BUSINESSES and households around the region have been warned about the growing danger of cybercrime.
The rise of the internet has led to the potential impact of cyber-theft, cyber-vandalism and even cyber-extortion increasing dramatically, with experts warning that the more we rely on the net, the more potentially vulnerable we become.
Mark Hughes, chief executive of BT Security, said it was “a daunting thought” that there are now about 27 billion devices connected to the internet, more than three times the human population of the world, and that this figure was expected to reach 125 billion by 2030.
Mr Hughes said: “If you think this issue doesn’t affect you and that it is a mainly a matter for governments and large organisations, then think again.
“There are growing indications that small and medium businesses, the bedrock of a regional economy such as the one in Yorkshire and the Humber, are increasingly in the firing line of the criminals, and research indicates that many are unprepared to meet this threat. Research by Accenture showed that 55 per cent of British workers can’t recall receiving cyber security training, whilst one in five weren’t sure they could identify a phishing email – a common method used by cyber criminals to raid personal bank accounts.”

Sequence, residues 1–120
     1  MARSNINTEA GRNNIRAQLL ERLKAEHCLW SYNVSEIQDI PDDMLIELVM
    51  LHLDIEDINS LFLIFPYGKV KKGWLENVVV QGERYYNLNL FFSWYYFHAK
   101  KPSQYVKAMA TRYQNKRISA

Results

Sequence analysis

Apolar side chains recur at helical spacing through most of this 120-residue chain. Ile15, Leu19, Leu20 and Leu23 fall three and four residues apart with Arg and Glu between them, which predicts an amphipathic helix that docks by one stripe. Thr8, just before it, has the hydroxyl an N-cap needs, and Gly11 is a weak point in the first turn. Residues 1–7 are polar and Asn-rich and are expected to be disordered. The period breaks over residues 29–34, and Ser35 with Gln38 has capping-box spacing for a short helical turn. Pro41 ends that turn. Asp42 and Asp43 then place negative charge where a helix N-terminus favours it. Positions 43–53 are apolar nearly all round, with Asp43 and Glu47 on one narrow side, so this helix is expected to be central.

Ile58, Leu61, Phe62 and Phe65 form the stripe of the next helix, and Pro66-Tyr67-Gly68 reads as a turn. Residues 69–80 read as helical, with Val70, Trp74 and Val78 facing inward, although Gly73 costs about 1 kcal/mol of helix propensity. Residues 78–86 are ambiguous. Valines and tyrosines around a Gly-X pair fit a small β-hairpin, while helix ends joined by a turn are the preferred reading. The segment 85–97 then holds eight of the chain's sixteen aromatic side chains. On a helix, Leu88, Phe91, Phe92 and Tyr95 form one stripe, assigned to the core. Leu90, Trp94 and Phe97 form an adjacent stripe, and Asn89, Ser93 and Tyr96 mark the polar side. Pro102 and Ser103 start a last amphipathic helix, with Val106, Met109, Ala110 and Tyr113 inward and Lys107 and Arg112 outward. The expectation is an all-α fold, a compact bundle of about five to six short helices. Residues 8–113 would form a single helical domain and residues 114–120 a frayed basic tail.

Mr Hughes said BT security team detect 100,000 unique malware samples every day – more than one per second – and protect the BT network against more than 4,000 cyber-attacks daily.
He urged all homes and businesses to take steps to protect themselves from cyber attacks, including updating anti-virus software regularly, installing any patches recommended by the software, investing in regular cyber security training for staff, and reminding staff to be wary of opening suspicious emails or links.